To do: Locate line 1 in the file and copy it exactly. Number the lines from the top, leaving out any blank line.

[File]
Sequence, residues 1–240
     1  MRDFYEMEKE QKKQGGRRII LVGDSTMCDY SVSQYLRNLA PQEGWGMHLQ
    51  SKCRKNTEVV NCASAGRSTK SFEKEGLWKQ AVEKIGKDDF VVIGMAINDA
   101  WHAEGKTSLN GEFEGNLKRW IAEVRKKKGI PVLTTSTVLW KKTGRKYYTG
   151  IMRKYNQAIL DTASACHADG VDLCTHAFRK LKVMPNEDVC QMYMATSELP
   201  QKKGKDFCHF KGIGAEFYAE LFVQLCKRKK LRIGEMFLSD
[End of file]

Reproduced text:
Sequence, residues 1–240